Tuesday, August 02, 2011

The Nature of Historiography

Historiography is the writing (graphe) of history. It is what historians do.

Historiography is not some aloof, detached, completely "objective" science. (No science is completely objective because of the need for scientists.) Popular media presentations of the Jesus of the Gospels at times do not understand this and promote, says Richard Bauckham, a "naive historical positivism." (Bauckham, Jesus and the Eyewitnesses: The Gospels as Eyewitness Testimony, 3) A "naive, historical positivism" assumes one can understand things a-contextually. Most internet critics of Jesus and the Gospels are these kind of positivists. Especially when it comes to the so-called "God of the Old Testament."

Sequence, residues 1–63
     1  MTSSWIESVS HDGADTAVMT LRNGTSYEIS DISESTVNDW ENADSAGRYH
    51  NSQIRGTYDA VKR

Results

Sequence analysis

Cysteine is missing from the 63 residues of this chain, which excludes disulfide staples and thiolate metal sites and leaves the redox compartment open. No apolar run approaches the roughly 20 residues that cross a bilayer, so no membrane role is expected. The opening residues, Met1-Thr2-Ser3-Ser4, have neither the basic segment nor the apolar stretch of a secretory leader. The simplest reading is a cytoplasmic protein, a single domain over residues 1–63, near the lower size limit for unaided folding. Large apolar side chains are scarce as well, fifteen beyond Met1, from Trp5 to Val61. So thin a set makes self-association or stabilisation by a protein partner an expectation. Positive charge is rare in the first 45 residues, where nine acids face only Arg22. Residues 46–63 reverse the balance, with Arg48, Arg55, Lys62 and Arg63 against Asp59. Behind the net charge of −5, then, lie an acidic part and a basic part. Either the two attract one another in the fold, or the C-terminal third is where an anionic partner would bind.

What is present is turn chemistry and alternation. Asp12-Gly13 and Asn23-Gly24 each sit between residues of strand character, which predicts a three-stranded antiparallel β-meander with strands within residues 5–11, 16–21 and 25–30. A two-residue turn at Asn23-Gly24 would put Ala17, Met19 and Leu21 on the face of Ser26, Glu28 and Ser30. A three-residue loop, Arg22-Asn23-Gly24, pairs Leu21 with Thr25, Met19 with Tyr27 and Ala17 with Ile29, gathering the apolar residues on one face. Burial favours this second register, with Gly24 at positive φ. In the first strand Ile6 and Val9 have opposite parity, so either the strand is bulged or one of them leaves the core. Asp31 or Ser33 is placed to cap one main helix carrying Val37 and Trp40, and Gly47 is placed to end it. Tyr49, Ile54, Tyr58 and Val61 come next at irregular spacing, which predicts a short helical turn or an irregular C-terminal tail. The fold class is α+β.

Bauckham writes: "All history - meaning all that historians write, all historiography - is an inextricable combination of fact and interpretation, the emirically observable and the intuited or constructed meaning. In the Gospels we have, of course, unambiguously such a combination, and it is this above all that motivates the quest for the Jesus one might find if one could leave aside all the meaning that inheres in each Gospel's story of Jesus." (Ib., 3-4)